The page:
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July 16th, 2017:

Weekend link dump for July 16

What part of DO NOT TOUCH was unclear to you?

Somehow, this is not satire. I got nothing.

“This, of course, presents a problem for marketers: How do you sell food to a group of people that American culture has harassed into a near-universally fraught relationship with your products? It turns out the answer is easy: Just give them something to do with food that isn’t eating it.”

“This is why Senate Republicans are having so much trouble with the health care bill. The Republican health care effort is the most unpopular legislation in three decades — less popular than the Affordable Care Act when it was passed, the widely hated Troubled Asset Relief Program bank bailout bill in 2008, and even President Bill Clinton’s failed health reform effort in the 1990s.”

“The GOP’s health care effort began with the premise that Obamacare is bad and must be repealed and replaced. But repeal and replace is a means to an end, not an end itself. The end, in theory, is the post-replacement health care system — a system that aligns with the GOP’s vision of how health care should work. But that vision is absent. When we asked eight Republican senators to tell us what the health bill was meant to achieve, we got eight different answers, and most of them were incoherent.”

“But in Fayette County and 779 other mostly rural counties across the country — the vast majority of which went for Trump — more than half the children rely for coverage on Medicaid and the related Children’s Health Insurance Program, or CHIP, according to a Times analysis of county voting data, census data and Medicaid enrollment data.”

“The head of the Immigration and Customs Enforcement unit in charge of deportations has directed his officers to take action against all undocumented immigrants they may cross paths with, regardless of criminal histories. The guidance appears to go beyond the Trump administration’s publicly stated aims, and some advocates say may explain a marked increase in immigration arrests.”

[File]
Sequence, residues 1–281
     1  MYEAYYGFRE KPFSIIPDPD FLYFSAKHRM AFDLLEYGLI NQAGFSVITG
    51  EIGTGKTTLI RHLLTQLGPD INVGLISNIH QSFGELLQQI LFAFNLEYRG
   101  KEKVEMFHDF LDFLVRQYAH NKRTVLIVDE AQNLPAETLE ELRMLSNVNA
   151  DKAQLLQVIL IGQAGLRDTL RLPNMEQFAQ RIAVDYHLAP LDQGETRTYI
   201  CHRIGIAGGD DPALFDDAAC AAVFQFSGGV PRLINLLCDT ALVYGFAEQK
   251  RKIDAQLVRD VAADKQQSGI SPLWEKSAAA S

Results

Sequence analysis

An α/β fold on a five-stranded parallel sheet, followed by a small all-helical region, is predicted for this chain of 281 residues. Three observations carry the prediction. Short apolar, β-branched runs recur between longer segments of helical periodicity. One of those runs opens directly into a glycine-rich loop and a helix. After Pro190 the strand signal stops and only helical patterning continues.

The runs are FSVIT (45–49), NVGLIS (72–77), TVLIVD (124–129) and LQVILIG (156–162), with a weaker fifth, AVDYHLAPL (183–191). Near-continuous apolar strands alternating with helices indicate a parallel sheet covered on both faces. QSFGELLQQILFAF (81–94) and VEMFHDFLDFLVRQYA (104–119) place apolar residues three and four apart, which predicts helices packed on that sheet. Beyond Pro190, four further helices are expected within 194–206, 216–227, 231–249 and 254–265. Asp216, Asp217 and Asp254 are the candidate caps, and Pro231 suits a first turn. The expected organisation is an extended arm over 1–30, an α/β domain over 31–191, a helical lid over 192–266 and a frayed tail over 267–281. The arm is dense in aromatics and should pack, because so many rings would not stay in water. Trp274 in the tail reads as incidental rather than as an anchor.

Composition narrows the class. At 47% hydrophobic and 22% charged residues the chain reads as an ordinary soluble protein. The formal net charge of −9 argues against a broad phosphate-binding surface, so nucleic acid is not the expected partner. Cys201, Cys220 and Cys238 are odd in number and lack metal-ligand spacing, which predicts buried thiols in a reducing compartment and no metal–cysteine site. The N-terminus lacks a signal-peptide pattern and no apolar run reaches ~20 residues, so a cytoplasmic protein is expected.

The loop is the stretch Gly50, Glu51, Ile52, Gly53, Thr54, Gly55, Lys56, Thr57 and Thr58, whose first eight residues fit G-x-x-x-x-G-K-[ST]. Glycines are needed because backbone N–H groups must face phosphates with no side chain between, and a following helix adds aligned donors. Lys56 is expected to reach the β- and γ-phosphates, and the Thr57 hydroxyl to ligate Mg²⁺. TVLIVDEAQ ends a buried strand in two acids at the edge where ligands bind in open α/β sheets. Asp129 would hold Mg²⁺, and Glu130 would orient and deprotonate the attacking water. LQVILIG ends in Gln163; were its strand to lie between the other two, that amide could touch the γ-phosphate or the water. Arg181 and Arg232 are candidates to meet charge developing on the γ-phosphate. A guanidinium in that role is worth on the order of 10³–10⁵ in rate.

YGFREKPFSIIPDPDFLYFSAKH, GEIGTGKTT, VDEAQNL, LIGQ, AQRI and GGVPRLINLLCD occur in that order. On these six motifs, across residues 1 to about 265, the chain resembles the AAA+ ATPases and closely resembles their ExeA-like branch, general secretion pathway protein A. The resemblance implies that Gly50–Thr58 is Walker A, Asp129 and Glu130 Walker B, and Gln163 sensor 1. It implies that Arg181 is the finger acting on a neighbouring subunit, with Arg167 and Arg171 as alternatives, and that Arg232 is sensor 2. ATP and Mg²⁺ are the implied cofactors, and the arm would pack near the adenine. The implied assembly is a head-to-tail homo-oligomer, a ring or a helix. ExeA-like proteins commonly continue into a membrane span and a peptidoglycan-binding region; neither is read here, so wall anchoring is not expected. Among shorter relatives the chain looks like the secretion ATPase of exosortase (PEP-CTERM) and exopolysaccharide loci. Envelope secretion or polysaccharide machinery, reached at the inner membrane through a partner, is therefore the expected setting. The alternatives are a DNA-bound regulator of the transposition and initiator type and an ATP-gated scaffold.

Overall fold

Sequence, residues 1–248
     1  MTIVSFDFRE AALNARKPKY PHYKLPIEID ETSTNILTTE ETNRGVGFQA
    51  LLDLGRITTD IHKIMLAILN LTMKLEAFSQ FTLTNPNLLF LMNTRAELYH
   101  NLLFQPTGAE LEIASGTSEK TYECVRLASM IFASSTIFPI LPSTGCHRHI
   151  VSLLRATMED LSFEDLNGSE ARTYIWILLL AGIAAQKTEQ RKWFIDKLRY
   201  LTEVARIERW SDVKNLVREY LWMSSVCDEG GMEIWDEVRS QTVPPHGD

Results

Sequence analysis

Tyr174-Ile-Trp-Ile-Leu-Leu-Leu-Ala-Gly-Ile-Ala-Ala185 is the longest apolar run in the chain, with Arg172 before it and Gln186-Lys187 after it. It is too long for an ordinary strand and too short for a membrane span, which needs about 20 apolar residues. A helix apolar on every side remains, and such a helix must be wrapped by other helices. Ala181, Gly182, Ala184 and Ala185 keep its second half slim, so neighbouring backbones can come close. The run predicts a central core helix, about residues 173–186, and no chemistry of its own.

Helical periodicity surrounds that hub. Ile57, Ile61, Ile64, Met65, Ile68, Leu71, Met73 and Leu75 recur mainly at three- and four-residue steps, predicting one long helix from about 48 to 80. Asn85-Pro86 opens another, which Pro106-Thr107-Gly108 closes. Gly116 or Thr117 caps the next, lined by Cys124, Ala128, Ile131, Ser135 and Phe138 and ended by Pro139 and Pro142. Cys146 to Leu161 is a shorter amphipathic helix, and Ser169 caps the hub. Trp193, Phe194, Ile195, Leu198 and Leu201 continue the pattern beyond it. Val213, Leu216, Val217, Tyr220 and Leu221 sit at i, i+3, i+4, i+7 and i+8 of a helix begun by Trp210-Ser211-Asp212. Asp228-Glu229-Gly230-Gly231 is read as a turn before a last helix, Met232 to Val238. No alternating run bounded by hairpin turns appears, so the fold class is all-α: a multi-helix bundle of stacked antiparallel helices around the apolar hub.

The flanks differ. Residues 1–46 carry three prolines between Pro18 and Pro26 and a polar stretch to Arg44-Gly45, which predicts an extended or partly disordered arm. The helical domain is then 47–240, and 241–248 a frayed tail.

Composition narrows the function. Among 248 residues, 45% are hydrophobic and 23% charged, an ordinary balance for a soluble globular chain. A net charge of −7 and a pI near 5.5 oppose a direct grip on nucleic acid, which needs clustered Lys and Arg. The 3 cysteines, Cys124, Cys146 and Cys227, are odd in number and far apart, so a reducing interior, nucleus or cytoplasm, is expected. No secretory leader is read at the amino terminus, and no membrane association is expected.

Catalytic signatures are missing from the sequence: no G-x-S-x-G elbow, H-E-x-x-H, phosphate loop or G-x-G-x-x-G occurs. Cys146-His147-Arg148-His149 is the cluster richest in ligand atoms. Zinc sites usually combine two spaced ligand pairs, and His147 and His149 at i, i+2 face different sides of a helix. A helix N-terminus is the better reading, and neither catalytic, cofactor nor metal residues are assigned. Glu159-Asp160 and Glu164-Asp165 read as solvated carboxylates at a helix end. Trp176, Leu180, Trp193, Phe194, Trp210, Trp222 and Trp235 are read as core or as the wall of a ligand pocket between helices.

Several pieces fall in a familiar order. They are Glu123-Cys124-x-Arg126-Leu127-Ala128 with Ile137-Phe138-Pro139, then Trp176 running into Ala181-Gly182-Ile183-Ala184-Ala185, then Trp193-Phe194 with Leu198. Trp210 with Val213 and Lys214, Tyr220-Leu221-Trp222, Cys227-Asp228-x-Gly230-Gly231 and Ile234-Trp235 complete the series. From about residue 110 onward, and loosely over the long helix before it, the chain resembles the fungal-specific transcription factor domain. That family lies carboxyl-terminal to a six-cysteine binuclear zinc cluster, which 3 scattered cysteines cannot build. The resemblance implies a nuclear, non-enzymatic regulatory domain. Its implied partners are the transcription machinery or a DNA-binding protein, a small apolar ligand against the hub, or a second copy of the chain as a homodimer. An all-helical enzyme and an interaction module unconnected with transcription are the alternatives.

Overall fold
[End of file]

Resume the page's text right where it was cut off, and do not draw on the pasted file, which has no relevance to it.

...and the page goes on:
That was no ordinary Russian lawyer that Fredo Trump met up with.

Yes, you can safely ignore those Jayden K. Smith Facebook messages.

RIP, Deborah Grayson Carpenter, champion for models with disabilities.

“So I would recommend that Twitter immediately suspend Trump’s account. They should do so not only because it’s in the public interest, but because he has violated many of their own rules.”

“These geniuses may not have constructed an intricate conspiracy, but it’s as if they desperately want everyone to believe they did.”

“This, then, is Junior’s official explanation: I thought we were colluding to ratfck the Democratic candidate, and the presidential election in general, but then she started talking about getting the mobsters’ money back. Bitch set me up.

“The best defense of Trump’s associates, at this point, is they were too dumb to know what they were doing — a defense that doesn’t work when it includes experienced international operators like campaign manager Paul Manafort and ex-Defense Intelligence Agency Director Michael Flynn. Donald Trump Jr.’s own defense of himself is that he attempted to collude with Russian agents but they didn’t have any useful information and so he didn’t.”

“This is what ought to register: The scheme appears to have been put into play by a Putin regime official and a Putin-friendly oligarch who was Trump’s business partner in Russia—and Trump’s son, son-in-law, and campaign manager all joined in. (A pop singer, a Russian lawyer, and a talent manager all had supporting roles.) Trump Jr., Kushner, and Manafort were looking to collude with a foreign power to gain an advantage in the election—an allegation the Trump team has repeatedly and passionately denied.”

“Trump is saying that he took the meeting because he had, in fact, been promised damaging information about Hillary Clinton from a Russian source, but that it was no big deal because the lawyer didn’t deliver. Interesting way of thinking about it, Don. Let’s ask anyone who appeared on To Catch a Predator how that argument holds up in court. Oh, sorry. They’re not answering the phone. Because they’re probably in jail now.”

“Future historians and present day pundits will have a lot to say about all of this. Many of those things will have great bearing on the future of our nation and on Trump Jr.’s continued freedom. But, I’m afraid that in all that important discussion we’ll lose track of one of the most salient points: This is so embarrassing. Fortunately, I have plenty of time for the curation of schadenfreude. Here’s six petty points about the most embarrassing parts of this whole imbroglio.”

Some casting trivia for Game of Thrones, if you’re into that sort of thing.

RIP, Chuck Blazer, controversial former FIFA executive.

“No matter how Trump Jr. thinks political researchers spend their days, opposition research is not a dark art. (I’m not sure I’d even consider it any kind of art.) When done well, it’s a thoughtful, directed process of compiling known facts and figures about relevant life and career elements of an opponent to bolster an argument. But even when done badly, opposition research still has nothing to do with what Trump Jr. did. There are lines that trained and talented political operatives wouldn’t cross. The emails Trump Jr. released Tuesday show he has no idea where they are.”